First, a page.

The feminist propaganda of ‘my body my choice’ ‘my life my choice’ will take us nowhere. There is a reason why human beings live in a society. Everything is ‘my’, ‘mine’, ‘me’, ‘I’ is the reason for many troubles. Don’t we have responsibility and commitment towards our spouse, parents, family and the community we live in? Is everything about ourselves? My life my choice? What about your choices that stand in the ways of others to exercise theirs’? Hon’ble Justice Mishra said “Husband is not the master,” but can’t the husband or the wife expect fidelity from each other? Can’t parents expect their children to take care of them? Can’t society expect us to act responsibly? My life my choice? Where it ends? Where is the boundary? Are we going to remove all the fences/boundaries in the name of individual liberty?

“Whenever you remove any fence, always pause long enough to ask yourself, ‘Why was it put there in the first place?” G.K. Chesterton

I am woman

I am a woman, stubborn and strong willed
But also a girl, longing to be held
My dad’s lil girl
But also a Manager
I talk a lot
But love the silence
I can’t read maps
But love to travel
I dread growing old
But love my freedom
My tears may flow freely
But my strength is hidden deeply
I may hate for a moment
But I love for a lifetime
I am may be a huge cliché

But am still rare and special.

From Bondage to Freedom

Freedom is the real nature of human beings.

We are called to be free and live up to our highest potentials.

But there can be many things that enslave us and limit us. But we have the choice to put aside everything that is limiting or enslaving us and be free.

We can definitely do it through the power of God, who said “I will set you free” (Exodus- 6:6).

Now we must break every chain of limitations and walk towards freedom.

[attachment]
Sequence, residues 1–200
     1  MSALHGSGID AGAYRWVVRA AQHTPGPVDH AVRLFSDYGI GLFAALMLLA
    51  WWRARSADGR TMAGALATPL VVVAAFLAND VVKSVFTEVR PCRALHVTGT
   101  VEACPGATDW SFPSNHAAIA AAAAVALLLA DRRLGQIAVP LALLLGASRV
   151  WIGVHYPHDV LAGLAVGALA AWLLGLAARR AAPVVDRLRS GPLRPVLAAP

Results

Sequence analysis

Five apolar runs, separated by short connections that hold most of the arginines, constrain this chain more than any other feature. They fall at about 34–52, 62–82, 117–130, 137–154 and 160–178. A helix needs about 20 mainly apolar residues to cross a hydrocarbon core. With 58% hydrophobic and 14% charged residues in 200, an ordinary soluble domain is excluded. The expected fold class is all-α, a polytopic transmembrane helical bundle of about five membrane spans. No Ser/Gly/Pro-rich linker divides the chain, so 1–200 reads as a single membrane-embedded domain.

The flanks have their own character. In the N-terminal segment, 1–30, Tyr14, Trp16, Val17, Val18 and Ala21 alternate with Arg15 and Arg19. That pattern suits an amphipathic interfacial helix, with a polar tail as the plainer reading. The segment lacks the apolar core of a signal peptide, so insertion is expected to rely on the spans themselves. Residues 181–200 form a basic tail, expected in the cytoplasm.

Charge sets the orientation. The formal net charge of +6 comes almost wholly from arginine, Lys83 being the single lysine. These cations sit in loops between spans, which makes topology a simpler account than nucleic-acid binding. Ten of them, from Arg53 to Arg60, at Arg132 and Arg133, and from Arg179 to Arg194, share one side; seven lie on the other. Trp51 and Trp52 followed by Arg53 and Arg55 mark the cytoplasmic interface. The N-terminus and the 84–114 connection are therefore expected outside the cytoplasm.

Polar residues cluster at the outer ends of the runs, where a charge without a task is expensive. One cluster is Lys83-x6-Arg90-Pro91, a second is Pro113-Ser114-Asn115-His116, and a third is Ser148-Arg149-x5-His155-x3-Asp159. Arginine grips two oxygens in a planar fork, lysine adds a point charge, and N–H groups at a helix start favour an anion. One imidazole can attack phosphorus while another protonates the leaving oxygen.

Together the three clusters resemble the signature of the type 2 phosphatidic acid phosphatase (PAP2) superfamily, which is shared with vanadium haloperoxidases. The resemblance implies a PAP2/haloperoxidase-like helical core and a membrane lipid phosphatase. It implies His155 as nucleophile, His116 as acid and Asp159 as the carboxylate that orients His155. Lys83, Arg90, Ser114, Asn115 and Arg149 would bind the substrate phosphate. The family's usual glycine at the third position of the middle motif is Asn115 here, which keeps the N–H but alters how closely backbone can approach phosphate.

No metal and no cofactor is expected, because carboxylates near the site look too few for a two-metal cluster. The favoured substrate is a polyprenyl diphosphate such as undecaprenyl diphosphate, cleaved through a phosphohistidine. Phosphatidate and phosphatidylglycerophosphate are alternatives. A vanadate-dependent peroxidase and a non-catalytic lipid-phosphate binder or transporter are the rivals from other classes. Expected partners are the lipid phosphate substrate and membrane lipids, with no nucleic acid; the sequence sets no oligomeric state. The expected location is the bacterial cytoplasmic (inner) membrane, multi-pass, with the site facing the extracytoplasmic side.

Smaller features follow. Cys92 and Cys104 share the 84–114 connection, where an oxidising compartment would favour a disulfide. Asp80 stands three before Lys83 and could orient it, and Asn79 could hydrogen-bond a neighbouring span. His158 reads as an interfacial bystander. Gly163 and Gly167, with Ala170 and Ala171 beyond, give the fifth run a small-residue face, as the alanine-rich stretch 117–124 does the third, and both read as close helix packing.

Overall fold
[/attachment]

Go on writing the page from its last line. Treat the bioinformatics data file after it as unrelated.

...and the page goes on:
And in the process of walking from bondage to freedom, we can live fully every day.


People with Disabilities in India: Hopelessness and Hope

Today International day for People with Disabilities is being observed around the world.

Here in India, we also have various events to commemorate the day like every other year but PWDs continue to live in extreme poverty, facing different types of discrimination, poor quality of life and hopelessness.

PWDs in villages are still being mocked and are identified by their impairments. Disability is largely considered a consequence of one’s past life sins or karma instead of being a physical condition and disease. Widespread awareness is still lacking among people who are both educated and denied education.

PWDs are often looked down upon or looked at in a manner that makes them feel worthless. Even when we show compassion and kindness, it is more out of pity rather than the actual intention of helping the person grow. Our behavior is attached with stigma and discrimination and our use of words affects their self-esteem, confidence and faith in themselves. Some even don’t dare to attend public functions in fear of being rejected, mocked or looked down upon or considered as helpless creatures. Many are confined to their homes all their lives.